Cloud providers realise this, or at least they should do, it should be one of their main marketing weapons. But things weren’t quite so clear-cut for British peer-to-peer lending company Folk2Folk when its approach to several cloud companies – with one exception – fell on deaf ears.
Folk2Folk had a very clear idea of its needs and had already decided that cloud was the way to go. The reason for this flexibility becomes clearer when we look at how the company operates. Karl Straw, IT director for Folk2Folk, explains:
The approach we take is different from P2P. We have an online platform and physical branches,” says “for customers who prefer face to face meetings.
This approach came out of the company’s origins. When it was founded in 2013, unlike many peer-to-peer lending organizations, it didn’t emerge as an online company but arose as an offshoot of a firm of solicitors looking for a way to help fund their clients’ business plans. There was a need to look for alternative sources of funding as banks are reducing the amount of lending they’re providing, hence the emergence of Folk2Folk.
But, as Straw explains, doing things a bit differently needed a different approach to IT too. The company had started off by using a traditional solicitor’s package but this wasn’t appropriate for all its needs, there was a need to have something that could enable rapid growth and be flexible enough to meet changing requirements. The company was growing rapidly and had already reached a £120 million in loans.
Straw early on decided that Folk2Folk was going to go down the cloud route and he started looking at his options:
I’d decided that I wanted to find one vendor to give me everything I need and I looked at two alternatives: AWS and Azure.
While AWS had the market clout, Straw eventually plumped for Azure:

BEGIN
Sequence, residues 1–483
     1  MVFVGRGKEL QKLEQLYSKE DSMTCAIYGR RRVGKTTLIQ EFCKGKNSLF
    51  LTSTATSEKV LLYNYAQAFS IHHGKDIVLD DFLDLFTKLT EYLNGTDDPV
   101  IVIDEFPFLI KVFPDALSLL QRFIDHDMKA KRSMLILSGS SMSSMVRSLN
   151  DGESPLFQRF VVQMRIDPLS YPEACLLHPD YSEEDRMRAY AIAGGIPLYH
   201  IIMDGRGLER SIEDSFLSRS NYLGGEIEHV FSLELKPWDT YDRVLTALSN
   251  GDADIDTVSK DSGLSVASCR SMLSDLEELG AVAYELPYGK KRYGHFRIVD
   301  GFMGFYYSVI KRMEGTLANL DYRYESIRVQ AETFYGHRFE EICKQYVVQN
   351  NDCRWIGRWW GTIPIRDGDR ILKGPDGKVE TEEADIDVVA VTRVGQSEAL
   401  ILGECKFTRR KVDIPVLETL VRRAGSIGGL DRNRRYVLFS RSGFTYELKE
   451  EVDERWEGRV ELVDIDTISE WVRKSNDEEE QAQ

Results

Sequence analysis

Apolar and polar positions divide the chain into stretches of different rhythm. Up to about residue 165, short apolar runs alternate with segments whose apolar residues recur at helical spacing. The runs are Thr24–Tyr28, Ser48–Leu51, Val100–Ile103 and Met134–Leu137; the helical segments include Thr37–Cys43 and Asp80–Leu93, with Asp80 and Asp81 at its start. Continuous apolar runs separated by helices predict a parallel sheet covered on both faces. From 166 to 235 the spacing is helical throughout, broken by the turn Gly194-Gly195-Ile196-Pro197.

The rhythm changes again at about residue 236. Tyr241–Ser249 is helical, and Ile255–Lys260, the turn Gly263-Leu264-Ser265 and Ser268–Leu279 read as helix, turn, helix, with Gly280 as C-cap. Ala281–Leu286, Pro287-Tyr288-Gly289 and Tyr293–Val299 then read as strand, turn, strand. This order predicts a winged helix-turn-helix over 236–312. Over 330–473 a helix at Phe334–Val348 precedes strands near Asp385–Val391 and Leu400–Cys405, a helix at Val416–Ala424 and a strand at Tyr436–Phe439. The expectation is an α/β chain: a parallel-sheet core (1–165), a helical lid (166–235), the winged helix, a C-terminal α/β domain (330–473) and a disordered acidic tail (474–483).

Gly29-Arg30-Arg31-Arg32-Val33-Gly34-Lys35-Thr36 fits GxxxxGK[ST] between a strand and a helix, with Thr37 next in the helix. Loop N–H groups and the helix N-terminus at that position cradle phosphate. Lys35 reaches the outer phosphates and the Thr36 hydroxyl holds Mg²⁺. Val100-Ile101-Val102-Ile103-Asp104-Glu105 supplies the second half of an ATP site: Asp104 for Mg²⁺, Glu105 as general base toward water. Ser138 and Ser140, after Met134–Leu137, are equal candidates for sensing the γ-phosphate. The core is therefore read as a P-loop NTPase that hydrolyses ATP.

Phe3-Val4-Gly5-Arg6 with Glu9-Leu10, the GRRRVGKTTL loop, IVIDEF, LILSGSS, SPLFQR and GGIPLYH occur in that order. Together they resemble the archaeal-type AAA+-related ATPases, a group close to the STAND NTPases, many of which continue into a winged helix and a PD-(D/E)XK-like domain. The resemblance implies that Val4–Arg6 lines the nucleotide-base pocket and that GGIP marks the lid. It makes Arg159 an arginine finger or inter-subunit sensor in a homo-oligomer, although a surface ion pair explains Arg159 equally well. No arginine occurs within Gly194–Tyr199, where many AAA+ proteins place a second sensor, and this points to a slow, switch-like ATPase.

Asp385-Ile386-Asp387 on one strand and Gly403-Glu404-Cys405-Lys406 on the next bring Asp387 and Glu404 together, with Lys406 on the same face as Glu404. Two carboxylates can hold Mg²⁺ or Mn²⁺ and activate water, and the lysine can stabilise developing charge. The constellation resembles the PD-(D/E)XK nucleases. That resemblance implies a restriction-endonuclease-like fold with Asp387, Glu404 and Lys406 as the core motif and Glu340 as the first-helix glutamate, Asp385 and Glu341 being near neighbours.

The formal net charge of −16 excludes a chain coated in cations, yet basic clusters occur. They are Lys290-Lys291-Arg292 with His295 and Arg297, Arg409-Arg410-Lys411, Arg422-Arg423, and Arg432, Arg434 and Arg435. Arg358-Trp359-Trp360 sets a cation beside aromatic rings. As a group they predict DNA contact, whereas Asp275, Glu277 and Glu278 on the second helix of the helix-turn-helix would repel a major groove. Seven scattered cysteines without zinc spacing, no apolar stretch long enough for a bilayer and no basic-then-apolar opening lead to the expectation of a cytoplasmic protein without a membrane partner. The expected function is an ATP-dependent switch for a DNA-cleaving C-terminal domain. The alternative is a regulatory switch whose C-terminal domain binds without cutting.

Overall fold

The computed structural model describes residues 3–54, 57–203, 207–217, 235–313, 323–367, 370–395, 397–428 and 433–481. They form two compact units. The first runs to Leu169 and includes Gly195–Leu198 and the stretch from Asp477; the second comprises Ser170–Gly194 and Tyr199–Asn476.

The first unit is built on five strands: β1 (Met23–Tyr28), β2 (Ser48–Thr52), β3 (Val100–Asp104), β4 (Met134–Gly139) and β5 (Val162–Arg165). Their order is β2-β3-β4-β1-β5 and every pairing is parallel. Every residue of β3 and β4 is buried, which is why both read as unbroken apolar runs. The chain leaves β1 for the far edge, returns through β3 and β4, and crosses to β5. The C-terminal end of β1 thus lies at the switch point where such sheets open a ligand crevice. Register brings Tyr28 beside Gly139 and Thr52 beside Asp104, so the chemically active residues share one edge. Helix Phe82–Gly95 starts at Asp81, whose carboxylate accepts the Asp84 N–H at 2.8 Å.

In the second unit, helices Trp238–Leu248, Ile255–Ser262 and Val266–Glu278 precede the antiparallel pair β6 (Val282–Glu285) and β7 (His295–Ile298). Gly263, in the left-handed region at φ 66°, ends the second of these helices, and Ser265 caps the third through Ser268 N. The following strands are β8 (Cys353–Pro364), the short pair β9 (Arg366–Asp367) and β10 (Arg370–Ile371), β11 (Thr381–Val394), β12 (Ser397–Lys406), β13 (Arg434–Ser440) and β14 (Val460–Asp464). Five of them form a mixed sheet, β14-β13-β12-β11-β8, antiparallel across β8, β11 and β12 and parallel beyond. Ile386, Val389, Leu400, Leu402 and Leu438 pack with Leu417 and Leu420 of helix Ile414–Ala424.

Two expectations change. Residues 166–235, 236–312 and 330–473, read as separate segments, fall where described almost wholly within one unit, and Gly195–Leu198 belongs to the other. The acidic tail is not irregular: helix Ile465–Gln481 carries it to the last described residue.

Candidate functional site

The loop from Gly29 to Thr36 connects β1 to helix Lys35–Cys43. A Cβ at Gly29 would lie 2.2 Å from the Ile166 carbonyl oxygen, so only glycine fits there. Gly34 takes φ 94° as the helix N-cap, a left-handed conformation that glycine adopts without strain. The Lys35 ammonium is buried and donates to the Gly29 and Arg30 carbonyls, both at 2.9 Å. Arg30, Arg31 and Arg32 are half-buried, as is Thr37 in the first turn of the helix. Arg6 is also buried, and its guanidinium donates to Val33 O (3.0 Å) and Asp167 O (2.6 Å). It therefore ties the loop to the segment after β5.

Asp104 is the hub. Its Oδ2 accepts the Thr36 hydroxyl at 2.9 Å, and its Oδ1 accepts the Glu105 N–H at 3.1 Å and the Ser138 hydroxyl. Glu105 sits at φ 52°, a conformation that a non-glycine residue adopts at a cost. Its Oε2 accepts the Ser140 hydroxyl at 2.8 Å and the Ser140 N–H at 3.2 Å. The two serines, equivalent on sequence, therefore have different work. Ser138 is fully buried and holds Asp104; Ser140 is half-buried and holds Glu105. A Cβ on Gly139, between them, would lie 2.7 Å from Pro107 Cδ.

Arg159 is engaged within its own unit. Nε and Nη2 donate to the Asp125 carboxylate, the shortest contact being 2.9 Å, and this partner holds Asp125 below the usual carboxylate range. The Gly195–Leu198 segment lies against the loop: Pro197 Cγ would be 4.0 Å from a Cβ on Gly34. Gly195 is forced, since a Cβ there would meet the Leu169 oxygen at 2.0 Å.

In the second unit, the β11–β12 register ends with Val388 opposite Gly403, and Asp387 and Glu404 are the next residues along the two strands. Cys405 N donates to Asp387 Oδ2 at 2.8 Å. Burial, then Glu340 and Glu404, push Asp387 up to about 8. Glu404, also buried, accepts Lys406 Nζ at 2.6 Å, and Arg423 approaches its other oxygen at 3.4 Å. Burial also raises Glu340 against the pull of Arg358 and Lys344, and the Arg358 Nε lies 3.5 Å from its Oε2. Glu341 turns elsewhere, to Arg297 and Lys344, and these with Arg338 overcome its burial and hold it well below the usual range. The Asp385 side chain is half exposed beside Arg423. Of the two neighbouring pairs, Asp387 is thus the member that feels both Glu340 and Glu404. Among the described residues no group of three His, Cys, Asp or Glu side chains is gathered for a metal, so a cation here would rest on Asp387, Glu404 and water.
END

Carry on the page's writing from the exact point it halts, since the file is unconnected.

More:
I chose it because of the Microsoft brand name. In particular, I needed a company that could provide support; our company IT department was one person – me.
He says that while AWS looked attractive on price, it didn’t offer full integration with existing systems so there would have been an additional overhead there:
For example, a lot of our systems are integrated with Office 365 – AWS doesn’t do that.
Straw not only wanted one company’s cloud product to run Folk2Folk’s system but he also wanted one company to look after the system:
I couldn’t run it. I did a pen drawing of what was needed and if we were to going to implement them all, I realised that I would need 25 people in the IT department.
But deciding on an underlying system was only part of the issue. Straw started scouting around for a service provider to plan, implement and manage the Folk2Folk system. It was a well-established company with ambitious plans for growth and should have been an attractive prospect for a cloud business.
Rackspace was the first of six firms contacted to respond and it wasn’t put off by some ambitious deadlines that Folk2Folk had decided upon:
None of the other firms had got back to me so we outsourced the whole build to Rackspace and gave them an impossible deadline. We called them on 23 June and wanted the build completed by 1 August - 39 days from our first call. They gulped and we made some compromises.